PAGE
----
How to Avoid Burnout and Take a Digital Break

“Fear is a natural reaction to moving closer to the truth.” ~Pema Chodron

By the end of 2011, I was trying my hardest not to see it: burnout.

I’d been going full steam ahead since I turned my part-time business into a full-time vocational mission, back in 2009. When people remarked that I was doing a lot, I would wave away their comments and say facetiously, “Well, you know—I’m a Sagittarius with three planets in Virgo.”

Part of the reason I didn’t want to really look at what was going on was that 2011 had been a banner year. After years of hard work, I was (finally!) starting to see the benefits that come with it: increased traffic, more clients, and more requests to collaborate on projects with people I admired.

But the burnout was obvious: not looking forward to Mondays, not wanting to check email, feeling perpetually tired and overwhelmed, and sometimes, resentful.

I really wanted to be away from the computer, away from email, and definitely not getting distracted with social media. This thought was always followed by an immediate fear: “I can’t do that! I’ll lose everything I’ve worked for!”

But as Chodron says, fear is what happens when we move closer to the truth.

My truth was that I wanted a complete digital break. So finally, from December 15th 2011 through January 15th 2012, I took one.

Since so many people have asked me “how” I could possibly run a business and take thirty days away from being online, I’ll share what I learned.

Is it possible that this is something you could do for yourself, too?

First and foremost, the hard part is simply deciding—and sticking to—taking the thirty days.

It’s easy to tell yourself that you’ll start “after XYZ is finished,” which is a great way to make sure that the sabbatical never happens! There will always be “something else to finish.”

Second, about two weeks before my sabbatical, I began telling everyone what I was doing so that they would know that I wouldn’t be available via email during that time.

I got ahead on anything that would be due immediately after I returned from my sabbatical, so that I wouldn’t come back and be slammed with work. I pre-scheduled updates to my social media accounts so that my clients and readers wouldn’t suddenly have zero updates, and I set up an auto-responder for my email.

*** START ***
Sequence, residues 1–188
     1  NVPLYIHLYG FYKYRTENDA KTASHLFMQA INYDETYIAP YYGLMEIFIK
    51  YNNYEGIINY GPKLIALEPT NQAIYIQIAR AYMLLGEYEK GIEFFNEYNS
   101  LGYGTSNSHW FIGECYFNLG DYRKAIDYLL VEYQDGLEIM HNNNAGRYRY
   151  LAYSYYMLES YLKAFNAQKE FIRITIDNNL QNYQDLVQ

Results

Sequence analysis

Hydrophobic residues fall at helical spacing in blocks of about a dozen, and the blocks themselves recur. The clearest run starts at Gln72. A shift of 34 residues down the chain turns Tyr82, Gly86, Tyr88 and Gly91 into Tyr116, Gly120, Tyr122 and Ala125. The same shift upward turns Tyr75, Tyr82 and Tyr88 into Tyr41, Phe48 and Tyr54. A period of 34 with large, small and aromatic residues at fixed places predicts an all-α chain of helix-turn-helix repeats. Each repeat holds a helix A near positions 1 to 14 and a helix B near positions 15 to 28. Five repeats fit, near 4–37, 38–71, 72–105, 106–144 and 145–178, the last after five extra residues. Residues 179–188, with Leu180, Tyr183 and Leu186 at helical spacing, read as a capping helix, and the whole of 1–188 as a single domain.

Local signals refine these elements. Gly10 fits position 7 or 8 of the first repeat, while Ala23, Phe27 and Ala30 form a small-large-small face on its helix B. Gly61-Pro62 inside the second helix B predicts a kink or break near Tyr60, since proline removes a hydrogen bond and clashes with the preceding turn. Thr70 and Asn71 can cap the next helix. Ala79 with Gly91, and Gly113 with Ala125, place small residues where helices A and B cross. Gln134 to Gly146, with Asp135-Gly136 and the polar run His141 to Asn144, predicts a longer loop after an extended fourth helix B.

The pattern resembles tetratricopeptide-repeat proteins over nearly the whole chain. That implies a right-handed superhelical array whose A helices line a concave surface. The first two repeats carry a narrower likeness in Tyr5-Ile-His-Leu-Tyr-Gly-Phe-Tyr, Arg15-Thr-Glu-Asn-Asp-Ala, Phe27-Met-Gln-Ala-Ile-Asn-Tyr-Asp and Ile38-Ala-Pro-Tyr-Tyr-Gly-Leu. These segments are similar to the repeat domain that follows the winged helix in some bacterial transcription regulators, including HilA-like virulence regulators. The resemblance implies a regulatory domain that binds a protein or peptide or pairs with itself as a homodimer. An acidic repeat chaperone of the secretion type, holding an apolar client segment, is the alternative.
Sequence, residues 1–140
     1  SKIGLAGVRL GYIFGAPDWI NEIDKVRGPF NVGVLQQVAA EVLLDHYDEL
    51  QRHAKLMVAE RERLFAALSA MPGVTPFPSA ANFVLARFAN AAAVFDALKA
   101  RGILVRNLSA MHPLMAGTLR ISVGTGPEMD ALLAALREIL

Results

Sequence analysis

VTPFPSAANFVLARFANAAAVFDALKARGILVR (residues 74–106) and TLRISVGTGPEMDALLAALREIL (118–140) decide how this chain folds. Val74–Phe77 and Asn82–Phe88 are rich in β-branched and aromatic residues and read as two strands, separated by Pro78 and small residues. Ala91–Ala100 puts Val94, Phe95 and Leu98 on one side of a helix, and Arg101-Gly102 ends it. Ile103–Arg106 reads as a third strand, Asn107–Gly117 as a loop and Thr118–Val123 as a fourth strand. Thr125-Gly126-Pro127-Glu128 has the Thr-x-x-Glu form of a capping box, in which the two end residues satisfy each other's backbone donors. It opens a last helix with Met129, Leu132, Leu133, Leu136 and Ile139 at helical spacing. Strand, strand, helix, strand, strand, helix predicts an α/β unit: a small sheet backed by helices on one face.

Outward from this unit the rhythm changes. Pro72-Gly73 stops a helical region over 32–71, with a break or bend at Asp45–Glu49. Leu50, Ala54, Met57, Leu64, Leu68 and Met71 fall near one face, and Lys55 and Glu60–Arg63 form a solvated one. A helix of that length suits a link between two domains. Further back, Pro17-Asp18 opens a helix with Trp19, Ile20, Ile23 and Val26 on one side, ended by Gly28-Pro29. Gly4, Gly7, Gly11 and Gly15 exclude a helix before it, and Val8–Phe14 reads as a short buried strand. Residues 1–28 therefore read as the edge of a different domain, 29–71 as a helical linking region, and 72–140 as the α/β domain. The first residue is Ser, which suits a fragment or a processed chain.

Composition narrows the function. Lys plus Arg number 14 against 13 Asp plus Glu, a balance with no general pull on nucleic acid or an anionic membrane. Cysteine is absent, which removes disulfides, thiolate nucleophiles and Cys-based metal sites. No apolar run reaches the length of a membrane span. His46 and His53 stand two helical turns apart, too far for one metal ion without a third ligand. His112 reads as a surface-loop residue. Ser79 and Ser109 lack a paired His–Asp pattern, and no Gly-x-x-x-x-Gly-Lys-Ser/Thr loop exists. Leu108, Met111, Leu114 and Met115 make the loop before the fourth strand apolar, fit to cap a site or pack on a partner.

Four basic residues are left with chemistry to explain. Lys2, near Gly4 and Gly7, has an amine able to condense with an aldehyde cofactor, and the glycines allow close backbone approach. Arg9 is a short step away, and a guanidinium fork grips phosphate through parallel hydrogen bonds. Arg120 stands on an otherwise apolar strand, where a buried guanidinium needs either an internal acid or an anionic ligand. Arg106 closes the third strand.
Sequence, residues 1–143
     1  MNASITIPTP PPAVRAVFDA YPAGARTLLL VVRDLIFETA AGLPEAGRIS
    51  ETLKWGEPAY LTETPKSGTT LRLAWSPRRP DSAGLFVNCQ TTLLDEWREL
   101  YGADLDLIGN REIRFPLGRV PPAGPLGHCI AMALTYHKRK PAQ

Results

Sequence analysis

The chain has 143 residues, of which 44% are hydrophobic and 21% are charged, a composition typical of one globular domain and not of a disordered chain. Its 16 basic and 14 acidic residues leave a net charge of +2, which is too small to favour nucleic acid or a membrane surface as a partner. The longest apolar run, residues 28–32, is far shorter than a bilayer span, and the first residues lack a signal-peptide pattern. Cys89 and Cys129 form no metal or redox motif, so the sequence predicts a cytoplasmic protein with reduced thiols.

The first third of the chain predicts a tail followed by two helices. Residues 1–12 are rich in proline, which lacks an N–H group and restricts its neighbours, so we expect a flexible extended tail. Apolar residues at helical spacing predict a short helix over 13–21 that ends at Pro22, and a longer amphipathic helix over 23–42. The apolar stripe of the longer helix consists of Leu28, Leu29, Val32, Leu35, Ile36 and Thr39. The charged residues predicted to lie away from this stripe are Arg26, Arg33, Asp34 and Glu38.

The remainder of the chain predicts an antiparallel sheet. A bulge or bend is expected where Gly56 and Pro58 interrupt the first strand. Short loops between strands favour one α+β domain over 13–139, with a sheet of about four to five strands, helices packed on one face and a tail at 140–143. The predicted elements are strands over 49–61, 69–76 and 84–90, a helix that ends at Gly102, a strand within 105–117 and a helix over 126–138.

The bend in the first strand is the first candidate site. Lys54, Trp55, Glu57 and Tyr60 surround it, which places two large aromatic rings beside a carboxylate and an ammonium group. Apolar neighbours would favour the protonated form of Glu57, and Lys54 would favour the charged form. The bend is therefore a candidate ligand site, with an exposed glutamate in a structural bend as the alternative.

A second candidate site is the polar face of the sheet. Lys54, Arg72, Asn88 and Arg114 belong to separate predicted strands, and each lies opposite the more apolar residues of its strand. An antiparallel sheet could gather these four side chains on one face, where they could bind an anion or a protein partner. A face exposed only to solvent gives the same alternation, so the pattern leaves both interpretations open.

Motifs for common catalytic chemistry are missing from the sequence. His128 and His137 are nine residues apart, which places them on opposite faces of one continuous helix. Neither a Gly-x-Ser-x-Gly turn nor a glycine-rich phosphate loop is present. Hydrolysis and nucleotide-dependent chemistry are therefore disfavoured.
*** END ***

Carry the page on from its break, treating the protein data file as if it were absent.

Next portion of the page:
Third, it’s worth noting that I didn’t finish everything.

Email conversations that were open, for instance. Taking a digital break is about being willing to surrender, to let go completely, and to trust that when you return, it’s all going to be okay. Everything that needs to get done will get done—and no one will die if you aren’t checking email every day.

If you decide to take a digital break, there will be those things—emails, unfinished projects—that call to you in the back of your mind, especially during the first few days of wide open spaciousness. You’ll be tempted to get back online, just to “take care of one little thing.”

These moments are great moments to practice getting present to your stories, those unconscious beliefs that drive behavior.

What story are you buying into when you believe that you have to take care of “one more little thing” during a time when you’ve promised yourself a break?

In fact, the greatest benefit of a digital break is seeing clearly the compulsive nature of getting online—another way of using fear (compulsive behavior) as a learning experience that gets you closer to your personal truth.

Ask yourself:

What will getting onto Facebook really tell you, that a one-on-one phone call wouldn’t? What’s behind the desire to check your Twitter one more time to see if anything has been re-tweeted?

If I was honest with myself, I found a well of comparisons, fears about enough-ness, and desires to feed my ego behind many of my choices.

The biggest thing I learned during my break was that email and social media were my go-to places when I was feeling anxiety.

Before my digital break, if I was trying to write and feeling blocked, I’d tell myself, “Take a break—what’s happening on Facebook?” Sometimes I’d do it while in the midst of balancing my checkbook! The compulsion to get online was one that was driven by anxiety.

Unfortunately, all of those little, brief “check-outs” were adding up to a major time suck that was leaving me feeling better in the short-term moment, but more overwhelmed in the long-term workday.

The end result of taking 30 days offline was this: I felt better, and despite my fears, my business didn’t suffer.

You don’t have to take an entire 30 days offline, as I did. I would suggest taking at least a week, because the real lessons come with space and distance, but you could start with something as simple as one day or a weekend—no smartphone, no social media, no getting onto the computer.

Ask yourself: What’s compulsive, and what’s a conscious choice? What am I currently trying to avoid seeing in my life? And how might really looking at it be the radical act of courage that shifts it?

Technology makes distraction an easy option, but there’s so much richness that we can gain from taking a break and gaining a new perspective. If you’re at least a little bit curious about what this might hold for you, listen to that whisper.

Set a date. Begin.

Photo by tfkrawksmysocks

About Kate Swoboda

Kate Swoboda is a coach, speaker, and writer who works with women who want to live unconventional and revolutionary lives through practicing courage. She's the creator of The Courageous Living Guide and The Coaching Blueprint, and she hangs out online at

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